Paul’s treatment of the weak and the strong in Romans 14 and 1 Corinthians 8-10 indicate that on each issue, he wishes to encourage weak to hold a weak conviction, live it and call it submission to Christ because it is submission to Christ. And he wishes the strong to hold a strong conviction and live it and call it submission to Christ because it is submission to Christ.
This is also consistent with Paul’s discussion of celibacy and marriage. Celibacy/marriage should be thought of an issue of conscience. First, because Paul listed marriage together with other examples of conscience issues. In 1 Corinthians 7-10, Paul wrote about marriage extensively in 1 Corinthians 7. Then in chapter 8 he brings up another conscience issue, idol-meat. Then, while discussing how to live with differences of idol-meat convictions in chapter 9, he lists several liberties, including food and marriage. In 1 Timothy 4:1-5, Paul lists food and marriage as conscience issues, both of which4 are gifts of God, to be received if made holy by the Word of God and thanksgiving.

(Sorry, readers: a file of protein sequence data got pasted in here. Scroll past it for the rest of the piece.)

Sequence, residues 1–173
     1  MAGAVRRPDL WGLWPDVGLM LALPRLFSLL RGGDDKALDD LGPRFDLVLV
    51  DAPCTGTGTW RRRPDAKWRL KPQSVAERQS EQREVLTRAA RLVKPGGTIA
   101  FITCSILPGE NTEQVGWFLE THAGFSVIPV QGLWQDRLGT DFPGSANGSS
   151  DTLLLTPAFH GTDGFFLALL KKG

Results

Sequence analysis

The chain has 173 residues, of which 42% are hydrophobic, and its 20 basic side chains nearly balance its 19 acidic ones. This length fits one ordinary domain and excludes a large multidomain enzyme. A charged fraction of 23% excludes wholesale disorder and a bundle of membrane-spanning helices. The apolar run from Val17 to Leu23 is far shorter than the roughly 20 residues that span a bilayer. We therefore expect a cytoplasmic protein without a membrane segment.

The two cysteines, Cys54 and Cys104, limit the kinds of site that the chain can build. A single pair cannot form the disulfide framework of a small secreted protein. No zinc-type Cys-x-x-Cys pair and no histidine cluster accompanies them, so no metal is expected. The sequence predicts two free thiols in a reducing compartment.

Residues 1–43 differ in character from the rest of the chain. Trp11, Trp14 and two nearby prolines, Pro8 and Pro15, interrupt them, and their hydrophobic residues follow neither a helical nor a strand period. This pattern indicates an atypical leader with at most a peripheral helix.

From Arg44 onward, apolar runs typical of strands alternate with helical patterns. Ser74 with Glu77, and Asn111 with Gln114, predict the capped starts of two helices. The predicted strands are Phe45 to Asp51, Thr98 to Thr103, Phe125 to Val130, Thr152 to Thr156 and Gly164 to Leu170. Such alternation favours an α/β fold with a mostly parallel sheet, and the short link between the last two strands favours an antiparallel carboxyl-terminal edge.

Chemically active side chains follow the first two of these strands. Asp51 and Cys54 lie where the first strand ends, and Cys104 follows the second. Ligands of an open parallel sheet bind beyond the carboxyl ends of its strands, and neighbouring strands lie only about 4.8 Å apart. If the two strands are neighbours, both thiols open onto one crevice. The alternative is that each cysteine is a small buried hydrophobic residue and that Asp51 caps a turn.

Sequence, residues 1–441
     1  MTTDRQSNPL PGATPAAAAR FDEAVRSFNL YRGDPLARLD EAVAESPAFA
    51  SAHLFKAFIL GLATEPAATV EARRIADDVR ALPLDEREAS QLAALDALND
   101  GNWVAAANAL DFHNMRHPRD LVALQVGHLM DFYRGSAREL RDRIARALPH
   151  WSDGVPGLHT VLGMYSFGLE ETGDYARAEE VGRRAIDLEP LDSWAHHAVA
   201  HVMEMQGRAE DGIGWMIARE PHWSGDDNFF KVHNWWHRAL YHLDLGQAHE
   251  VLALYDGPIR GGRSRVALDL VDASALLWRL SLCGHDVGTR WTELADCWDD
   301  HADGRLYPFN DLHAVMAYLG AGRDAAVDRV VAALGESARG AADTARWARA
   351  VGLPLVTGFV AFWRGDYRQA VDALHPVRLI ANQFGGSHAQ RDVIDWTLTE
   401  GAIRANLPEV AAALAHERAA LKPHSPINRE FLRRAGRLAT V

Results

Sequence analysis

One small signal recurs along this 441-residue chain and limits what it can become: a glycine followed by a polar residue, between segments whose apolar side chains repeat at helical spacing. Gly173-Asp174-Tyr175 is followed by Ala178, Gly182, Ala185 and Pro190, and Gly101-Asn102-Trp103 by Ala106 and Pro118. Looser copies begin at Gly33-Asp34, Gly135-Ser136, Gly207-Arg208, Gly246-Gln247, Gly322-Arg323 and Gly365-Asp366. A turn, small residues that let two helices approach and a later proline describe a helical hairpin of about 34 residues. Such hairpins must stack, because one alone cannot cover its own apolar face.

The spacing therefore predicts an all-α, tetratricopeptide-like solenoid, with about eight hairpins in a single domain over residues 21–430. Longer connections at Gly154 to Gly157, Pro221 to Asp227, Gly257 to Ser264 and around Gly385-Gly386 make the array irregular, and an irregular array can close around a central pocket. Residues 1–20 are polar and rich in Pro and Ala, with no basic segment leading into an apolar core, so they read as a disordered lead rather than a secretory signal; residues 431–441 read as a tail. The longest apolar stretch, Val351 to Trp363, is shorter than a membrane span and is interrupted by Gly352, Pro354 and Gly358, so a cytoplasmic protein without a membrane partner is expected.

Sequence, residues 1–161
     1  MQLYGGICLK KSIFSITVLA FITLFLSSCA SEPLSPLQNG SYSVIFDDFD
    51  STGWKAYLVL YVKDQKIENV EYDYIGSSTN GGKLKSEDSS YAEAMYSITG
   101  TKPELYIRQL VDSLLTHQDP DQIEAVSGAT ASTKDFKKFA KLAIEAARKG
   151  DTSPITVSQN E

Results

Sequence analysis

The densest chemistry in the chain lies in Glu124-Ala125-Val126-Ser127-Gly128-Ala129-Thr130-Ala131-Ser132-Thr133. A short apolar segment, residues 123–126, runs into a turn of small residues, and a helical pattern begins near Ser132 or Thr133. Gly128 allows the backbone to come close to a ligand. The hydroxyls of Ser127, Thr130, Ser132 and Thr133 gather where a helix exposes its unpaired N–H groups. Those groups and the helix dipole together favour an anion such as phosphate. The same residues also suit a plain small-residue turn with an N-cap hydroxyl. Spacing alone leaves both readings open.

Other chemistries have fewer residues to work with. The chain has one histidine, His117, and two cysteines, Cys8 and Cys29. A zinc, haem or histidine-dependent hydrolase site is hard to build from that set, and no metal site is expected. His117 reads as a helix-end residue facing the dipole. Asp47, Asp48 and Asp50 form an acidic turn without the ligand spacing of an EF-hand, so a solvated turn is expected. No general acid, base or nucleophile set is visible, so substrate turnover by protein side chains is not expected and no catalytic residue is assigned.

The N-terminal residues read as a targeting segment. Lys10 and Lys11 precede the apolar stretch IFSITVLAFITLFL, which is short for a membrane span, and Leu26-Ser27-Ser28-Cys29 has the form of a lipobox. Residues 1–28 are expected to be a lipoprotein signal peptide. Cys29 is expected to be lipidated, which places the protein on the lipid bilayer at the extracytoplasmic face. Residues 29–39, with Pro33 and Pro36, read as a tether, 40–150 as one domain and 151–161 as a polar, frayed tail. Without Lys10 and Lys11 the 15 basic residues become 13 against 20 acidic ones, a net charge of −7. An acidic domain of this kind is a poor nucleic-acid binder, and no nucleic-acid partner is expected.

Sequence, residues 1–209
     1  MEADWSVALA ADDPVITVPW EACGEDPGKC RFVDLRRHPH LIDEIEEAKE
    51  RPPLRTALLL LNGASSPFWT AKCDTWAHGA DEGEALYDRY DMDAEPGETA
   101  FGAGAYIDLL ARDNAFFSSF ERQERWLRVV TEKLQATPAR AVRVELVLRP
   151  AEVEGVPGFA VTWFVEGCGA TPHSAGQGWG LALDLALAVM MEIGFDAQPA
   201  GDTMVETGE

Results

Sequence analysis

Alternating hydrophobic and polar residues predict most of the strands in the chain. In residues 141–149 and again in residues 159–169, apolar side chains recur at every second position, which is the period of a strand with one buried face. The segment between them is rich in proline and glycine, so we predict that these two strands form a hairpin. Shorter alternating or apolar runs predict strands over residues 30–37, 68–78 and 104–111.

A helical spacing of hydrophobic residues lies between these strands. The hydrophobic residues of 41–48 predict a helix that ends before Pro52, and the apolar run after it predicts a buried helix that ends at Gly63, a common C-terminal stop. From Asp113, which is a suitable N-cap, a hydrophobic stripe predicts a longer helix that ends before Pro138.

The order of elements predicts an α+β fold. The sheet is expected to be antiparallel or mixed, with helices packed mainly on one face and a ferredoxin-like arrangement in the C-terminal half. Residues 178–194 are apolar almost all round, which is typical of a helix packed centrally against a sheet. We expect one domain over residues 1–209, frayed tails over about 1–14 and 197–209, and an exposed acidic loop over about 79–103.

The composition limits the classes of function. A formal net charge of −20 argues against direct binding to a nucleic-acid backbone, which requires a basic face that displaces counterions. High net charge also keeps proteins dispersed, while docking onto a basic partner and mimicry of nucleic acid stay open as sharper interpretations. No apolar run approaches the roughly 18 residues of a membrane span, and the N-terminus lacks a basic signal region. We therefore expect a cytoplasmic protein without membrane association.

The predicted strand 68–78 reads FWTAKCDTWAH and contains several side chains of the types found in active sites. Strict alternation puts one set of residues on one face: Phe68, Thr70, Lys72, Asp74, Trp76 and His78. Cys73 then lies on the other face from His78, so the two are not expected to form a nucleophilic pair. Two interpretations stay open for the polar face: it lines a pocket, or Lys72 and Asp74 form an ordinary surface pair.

Second, because Paul used certain terms in connection with marriage show he intended it as a conscience issue. In 1 Timothy 4:2-3, Paul says that those with “seared consciences” deny marriage and eating certain foods. Paul uses liberty (ἐξουσία) for the “right” to eat (1 Corinthians 8:9, 9:4) and “right” to marry (1 Corinthians 9:5). Ridderbos devotes a section of his Christian liberty discussion to marriage. He says, “Christian Liberty and the life of the Christian … are linked in a singular way in Paul’s pronouncements on marriage.”5 And, “Paul values marriage as an institution of God, protected by the express commandment of Christ, to be accepted and experienced in Christian liberty.”6